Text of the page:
February 23 in History
1903 – Cuba leases Guantánamo Bay to the United States ‘in perpetuity’
Guantanamo Bay Naval Base, officially known as Naval Station Guantanamo Bay or NSGB, (also called Gitmo because of the common pronunciation of the word by the US military) is the oldest overseas US Naval Base. The Base, located on 45 square miles of land and water at Guantánamo Bay, at the southeastern end of Cuba, was leased for use as a coaling station and naval base on this day in 1903. The lease has no fixed expiration date, and was set at US$ 2,000 in gold per year until 1934, when US unilaterally changed the payment from gold coin to US dollars per the Gold Reserve Act. In 1974, the yearly lease was set to $4,085.
Since the Cuban Revolution of 1959, the Cuban communist government has consistently protested against the US presence on Cuban soil and called it “illegal” under international law, alleging the base “was imposed on Cuba by force.” Payments have been sent annually, but only one lease payment has been accepted since the Revolution and Fidel Castro claimed the check was deposited due to confusion in 1959. The Cuban government has not deposited any other lease checks since that time.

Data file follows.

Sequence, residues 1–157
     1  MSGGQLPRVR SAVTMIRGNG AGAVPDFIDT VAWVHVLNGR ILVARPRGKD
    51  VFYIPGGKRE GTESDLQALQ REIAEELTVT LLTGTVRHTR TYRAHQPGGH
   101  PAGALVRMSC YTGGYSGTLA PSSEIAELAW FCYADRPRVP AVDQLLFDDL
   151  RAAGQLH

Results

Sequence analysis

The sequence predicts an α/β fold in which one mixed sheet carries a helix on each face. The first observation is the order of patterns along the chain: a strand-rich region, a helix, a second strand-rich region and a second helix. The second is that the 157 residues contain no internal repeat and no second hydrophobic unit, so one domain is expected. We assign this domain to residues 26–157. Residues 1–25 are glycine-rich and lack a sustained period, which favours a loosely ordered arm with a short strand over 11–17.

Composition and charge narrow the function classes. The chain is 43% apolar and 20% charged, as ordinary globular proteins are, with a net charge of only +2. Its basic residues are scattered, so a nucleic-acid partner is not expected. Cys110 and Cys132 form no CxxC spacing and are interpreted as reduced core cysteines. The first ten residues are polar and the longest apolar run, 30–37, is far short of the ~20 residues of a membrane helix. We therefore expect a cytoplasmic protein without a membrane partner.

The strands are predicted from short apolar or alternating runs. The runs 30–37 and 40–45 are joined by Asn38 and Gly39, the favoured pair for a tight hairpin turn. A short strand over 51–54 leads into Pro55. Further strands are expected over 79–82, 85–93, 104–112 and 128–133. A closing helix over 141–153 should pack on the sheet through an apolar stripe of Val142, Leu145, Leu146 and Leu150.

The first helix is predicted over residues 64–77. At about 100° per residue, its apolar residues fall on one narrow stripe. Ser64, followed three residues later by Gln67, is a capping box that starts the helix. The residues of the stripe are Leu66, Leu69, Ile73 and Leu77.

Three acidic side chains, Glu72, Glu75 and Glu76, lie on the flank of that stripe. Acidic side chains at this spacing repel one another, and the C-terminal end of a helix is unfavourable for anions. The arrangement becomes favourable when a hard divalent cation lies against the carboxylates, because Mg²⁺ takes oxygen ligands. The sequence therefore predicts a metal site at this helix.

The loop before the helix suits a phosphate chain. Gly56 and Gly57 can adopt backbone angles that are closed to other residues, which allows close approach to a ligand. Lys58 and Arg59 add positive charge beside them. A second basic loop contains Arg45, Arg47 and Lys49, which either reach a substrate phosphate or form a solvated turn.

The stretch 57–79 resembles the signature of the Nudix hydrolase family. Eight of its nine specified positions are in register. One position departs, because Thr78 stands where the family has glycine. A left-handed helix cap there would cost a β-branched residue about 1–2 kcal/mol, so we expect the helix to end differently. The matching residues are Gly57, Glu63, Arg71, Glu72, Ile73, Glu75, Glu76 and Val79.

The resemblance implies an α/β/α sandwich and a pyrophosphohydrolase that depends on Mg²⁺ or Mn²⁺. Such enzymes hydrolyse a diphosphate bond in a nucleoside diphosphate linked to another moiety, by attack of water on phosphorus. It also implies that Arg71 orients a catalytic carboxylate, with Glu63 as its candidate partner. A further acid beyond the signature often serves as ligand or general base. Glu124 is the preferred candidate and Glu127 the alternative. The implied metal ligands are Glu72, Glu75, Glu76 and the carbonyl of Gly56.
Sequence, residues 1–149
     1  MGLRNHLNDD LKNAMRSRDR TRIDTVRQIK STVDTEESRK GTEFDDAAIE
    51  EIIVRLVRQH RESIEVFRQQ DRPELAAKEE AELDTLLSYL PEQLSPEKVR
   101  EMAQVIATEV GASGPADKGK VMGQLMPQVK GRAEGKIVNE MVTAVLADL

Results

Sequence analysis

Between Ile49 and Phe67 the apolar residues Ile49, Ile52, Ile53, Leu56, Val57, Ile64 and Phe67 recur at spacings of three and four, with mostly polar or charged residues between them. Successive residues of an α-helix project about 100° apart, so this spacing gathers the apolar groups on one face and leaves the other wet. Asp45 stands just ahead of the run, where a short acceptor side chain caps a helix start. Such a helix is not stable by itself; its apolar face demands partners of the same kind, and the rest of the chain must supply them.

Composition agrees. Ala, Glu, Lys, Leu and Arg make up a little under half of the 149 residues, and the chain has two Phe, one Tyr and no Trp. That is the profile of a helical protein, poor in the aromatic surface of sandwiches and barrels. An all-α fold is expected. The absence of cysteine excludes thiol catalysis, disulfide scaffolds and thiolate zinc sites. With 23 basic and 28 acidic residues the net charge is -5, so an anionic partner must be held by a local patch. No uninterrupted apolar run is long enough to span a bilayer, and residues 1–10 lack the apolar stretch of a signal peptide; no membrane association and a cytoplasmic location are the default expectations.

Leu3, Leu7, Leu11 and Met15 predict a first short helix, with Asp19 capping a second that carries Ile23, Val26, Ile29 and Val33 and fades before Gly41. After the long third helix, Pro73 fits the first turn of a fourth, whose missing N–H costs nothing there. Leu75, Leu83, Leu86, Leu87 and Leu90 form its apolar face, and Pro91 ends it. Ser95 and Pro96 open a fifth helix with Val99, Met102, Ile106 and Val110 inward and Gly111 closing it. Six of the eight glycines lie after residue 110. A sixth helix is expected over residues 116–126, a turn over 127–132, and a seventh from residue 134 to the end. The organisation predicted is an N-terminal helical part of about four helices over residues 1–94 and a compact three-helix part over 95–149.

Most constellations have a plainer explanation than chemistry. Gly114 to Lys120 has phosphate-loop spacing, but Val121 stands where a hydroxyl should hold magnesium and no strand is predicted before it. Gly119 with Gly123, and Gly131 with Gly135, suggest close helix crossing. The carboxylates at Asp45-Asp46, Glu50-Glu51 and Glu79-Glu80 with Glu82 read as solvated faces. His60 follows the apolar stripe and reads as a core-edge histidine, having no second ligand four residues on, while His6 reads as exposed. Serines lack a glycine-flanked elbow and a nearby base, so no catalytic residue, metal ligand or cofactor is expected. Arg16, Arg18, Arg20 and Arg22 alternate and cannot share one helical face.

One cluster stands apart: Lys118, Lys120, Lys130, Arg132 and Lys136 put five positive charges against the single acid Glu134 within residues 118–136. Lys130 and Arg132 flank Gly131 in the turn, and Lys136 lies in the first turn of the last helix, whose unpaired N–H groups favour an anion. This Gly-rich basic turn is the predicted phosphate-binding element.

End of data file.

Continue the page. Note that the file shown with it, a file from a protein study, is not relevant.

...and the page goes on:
Since 2002, the naval base has contained a military prison, for alleged unlawful combatants captured in Afghanistan, Iraq, and other places during the War on Terror. Cases of torture of prisoners by the US military, and their denial of protection under the Geneva Conventions, have been criticized.
Photo Caption – 1916 photograph of Guantanamo Bay Naval Base – Google Books